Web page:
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I went down low, only about 80 feet [24 metres] from the ground, had another look and started strafing. Horses limped, the Japanese dispersed and there was all-round panic. I had to keep going, circled and came back for another round. The enemies were caught unprepared and the damage was significant. We were a subsidiary of the Flying Tigers, famous for shark-faced nose art. We had two new German 150mm howitzers in two battalions - the best we had at that time.
I went to Taiwan in January 1950, shortly after Generalissimo Chiang Kai-shek headed to Taiwan from Chengdu on December 10, 1949. I was trained by the Americans in Arizona for a year and I was a bomber pilot flying missions to stop the Japanese advancing in China. The Japanese air force was very weak and concentrating on the Pacific war. But after we arrived, the Japanese landed at Daya Bay, east of Hong Kong. There was gunfire from the ground but it was limited. You could say our aircraft became an icon of the war. I felt so strong about our cause that it didn't matter. If I got killed, if I got hurt, it didn't matter one bit to me. By the time I started combat in 1944, we didn't meet air attacks. Our two battalions were later stationed at the Humen fort in the mouth of the Pearl River south of Guangzhou [in early October, 1938].In the last few years I started telling some schoolchildren a little bit about what we went through. I thought I would go to China to enlist in the army to fight the Japanese aggressors.A lot is said just between me and the man upstairs. For 11 years I had been studying in Johor Baru's English-language schools and therefore I was under-equipped in knowledge of the Chinese language.This allowed Lee Teng-hui, Chen Shui-bian and Ma Ying-jeou to be elected as presidents. In 17 days, the battle ended, but then the real battle was afterwards - how to stay alive.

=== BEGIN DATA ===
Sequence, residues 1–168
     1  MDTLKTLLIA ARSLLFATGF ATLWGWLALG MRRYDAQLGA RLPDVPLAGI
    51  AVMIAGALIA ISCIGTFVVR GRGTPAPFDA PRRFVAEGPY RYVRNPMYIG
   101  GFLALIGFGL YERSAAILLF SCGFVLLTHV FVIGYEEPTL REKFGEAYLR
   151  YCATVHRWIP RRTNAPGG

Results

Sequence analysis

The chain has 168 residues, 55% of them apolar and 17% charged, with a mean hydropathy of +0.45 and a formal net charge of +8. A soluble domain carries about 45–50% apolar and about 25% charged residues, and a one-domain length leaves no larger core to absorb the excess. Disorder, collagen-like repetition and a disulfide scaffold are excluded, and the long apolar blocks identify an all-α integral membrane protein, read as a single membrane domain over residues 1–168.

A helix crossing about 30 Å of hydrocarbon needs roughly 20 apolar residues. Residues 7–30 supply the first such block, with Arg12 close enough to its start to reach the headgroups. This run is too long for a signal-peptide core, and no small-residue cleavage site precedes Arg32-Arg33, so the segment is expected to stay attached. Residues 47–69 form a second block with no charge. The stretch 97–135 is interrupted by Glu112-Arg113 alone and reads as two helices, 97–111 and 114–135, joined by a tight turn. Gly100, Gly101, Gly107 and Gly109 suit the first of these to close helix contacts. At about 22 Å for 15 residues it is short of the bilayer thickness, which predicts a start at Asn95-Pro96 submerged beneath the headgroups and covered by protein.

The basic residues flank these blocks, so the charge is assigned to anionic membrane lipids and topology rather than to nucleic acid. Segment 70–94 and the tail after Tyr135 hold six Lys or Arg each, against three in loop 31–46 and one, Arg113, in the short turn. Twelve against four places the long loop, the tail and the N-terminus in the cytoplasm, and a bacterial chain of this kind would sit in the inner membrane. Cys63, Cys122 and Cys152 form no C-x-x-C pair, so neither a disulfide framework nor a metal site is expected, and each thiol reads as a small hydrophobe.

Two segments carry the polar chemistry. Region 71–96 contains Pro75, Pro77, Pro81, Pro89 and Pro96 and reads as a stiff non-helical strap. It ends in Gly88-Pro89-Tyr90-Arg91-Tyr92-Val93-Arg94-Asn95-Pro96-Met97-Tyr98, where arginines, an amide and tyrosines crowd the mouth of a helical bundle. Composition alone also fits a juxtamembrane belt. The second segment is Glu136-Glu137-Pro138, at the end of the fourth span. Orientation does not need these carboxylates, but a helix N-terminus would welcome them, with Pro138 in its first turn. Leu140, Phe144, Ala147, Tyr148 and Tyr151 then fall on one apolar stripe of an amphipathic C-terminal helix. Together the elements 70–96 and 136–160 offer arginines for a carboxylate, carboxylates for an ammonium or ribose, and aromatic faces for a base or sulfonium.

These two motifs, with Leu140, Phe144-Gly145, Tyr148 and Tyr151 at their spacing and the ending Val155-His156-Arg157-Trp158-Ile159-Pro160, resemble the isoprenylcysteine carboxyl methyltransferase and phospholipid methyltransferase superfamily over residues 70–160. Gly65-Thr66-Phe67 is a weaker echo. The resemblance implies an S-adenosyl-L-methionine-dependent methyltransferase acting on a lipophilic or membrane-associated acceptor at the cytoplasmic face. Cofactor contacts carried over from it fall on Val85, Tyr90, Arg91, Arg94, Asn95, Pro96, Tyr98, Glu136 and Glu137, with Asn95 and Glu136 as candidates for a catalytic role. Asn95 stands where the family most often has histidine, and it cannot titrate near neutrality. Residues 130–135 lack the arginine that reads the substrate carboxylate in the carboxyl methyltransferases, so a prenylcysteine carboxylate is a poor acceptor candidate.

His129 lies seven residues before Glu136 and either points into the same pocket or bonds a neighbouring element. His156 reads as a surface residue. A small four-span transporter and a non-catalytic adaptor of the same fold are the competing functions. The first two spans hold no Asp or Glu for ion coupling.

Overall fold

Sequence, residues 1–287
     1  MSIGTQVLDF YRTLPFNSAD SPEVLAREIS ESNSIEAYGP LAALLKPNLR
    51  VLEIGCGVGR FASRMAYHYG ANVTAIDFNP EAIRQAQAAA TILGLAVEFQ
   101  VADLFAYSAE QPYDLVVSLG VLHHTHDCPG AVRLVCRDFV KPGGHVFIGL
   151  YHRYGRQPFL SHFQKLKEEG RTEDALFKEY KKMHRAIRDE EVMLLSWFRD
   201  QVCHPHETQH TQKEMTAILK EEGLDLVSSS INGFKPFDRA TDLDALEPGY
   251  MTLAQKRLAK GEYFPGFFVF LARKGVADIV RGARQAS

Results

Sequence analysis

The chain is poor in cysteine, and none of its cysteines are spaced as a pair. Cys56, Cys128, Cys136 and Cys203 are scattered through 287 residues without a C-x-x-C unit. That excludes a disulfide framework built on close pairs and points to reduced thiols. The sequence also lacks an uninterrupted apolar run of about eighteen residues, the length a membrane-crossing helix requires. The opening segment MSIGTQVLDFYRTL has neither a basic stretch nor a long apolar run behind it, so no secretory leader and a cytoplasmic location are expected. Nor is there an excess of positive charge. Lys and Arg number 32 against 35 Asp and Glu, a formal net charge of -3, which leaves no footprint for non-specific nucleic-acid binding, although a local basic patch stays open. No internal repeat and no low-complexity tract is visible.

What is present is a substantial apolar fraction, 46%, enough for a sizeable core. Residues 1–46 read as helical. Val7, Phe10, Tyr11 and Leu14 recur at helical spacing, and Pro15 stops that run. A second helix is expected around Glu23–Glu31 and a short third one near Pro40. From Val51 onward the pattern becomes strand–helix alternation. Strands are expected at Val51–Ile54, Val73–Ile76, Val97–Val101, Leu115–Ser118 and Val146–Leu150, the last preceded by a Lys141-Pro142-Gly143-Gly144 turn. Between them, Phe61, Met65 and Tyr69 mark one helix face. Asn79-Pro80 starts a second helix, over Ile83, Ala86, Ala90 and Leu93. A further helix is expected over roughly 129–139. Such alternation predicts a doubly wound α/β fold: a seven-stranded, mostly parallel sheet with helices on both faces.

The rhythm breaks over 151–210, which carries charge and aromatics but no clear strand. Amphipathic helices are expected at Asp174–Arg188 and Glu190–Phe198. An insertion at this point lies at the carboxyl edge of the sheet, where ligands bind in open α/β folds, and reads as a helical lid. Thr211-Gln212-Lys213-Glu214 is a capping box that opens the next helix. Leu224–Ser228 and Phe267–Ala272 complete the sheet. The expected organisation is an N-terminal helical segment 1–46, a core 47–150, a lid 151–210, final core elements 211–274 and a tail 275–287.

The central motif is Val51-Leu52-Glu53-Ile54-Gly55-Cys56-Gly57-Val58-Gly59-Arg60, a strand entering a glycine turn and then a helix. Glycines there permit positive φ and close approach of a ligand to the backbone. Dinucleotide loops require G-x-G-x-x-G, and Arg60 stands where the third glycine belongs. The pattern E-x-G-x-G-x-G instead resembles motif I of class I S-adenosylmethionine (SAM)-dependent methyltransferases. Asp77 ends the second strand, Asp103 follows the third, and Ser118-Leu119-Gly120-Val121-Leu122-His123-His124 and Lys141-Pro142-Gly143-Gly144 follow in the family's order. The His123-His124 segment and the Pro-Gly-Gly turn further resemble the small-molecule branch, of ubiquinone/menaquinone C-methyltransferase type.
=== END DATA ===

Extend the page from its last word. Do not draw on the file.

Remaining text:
Generalissimo Chiang was a strong-willed leader who should be credited for his unshakable firmness in deciding to carry on fighting in the eight-year war. Two hundred and ninety of us were killed in action and 264 died as prisoners of war.
I was just a university student in Hong Kong when the war started.
They were left behind when we had to blow up a bridge in Qingyuan to slow the enemy's attack from behind.
This was despite backstabbing by the Chinese Communists and attempts by Japan to persuade him to set up a puppet Chinese government before and after the Marco Polo Incident. There was also a little girl who had her hands tied behind her back. The first job we worked on was extending the runways at Kai Tak Airport. When we were cementing the tarmac, we threw some clay in it.
Were he to have conceded, the fate of China would have changed. I remember seeing one of the Jap soldiers walking past with his bayonet over his shoulder - with the knife at the end. They threw her into the water and the soldiers took shots at her. We had to move a large hill with just pitch and shovel. The first plane to land went through the runway, and the Japanese engineer was blamed.
In May or June 1941 I joined Raffles College in Singapore.